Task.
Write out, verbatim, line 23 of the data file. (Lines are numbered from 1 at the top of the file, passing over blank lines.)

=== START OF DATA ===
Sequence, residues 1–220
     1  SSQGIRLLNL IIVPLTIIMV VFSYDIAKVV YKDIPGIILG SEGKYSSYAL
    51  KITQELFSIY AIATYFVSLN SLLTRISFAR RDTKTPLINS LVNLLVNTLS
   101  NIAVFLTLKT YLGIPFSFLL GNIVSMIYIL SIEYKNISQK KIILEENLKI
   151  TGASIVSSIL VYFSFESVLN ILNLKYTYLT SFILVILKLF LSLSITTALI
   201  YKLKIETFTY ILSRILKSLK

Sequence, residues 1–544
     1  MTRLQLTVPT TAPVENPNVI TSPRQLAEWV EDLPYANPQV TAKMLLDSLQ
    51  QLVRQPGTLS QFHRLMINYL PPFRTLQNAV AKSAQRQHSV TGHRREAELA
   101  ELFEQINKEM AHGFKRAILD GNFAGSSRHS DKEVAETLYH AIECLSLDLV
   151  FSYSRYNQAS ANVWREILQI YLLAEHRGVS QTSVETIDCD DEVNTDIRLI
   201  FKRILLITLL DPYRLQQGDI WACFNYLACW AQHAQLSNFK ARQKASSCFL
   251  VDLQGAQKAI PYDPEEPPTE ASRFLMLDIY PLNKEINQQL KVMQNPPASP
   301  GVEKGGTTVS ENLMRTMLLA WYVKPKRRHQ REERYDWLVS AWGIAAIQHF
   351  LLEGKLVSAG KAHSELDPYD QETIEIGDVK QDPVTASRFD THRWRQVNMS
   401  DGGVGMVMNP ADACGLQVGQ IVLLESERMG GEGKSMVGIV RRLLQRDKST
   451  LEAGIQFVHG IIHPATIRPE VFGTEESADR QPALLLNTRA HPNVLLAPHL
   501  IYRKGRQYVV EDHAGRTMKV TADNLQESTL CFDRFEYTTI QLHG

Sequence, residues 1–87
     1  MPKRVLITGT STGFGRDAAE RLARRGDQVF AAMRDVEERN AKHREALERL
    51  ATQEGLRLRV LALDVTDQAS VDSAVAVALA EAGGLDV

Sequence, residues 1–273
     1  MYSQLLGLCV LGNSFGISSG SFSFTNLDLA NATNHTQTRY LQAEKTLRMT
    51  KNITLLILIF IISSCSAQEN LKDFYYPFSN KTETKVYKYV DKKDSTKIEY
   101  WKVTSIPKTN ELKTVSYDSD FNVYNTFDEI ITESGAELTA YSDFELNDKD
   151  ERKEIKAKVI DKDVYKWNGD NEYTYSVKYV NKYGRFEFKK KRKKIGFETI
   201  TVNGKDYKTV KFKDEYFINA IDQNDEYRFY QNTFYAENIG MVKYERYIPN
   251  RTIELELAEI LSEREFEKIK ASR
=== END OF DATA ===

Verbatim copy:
     1  MYSQLLGLCV LGNSFGISSG SFSFTNLDLA NATNHTQTRY LQAEKTLRMT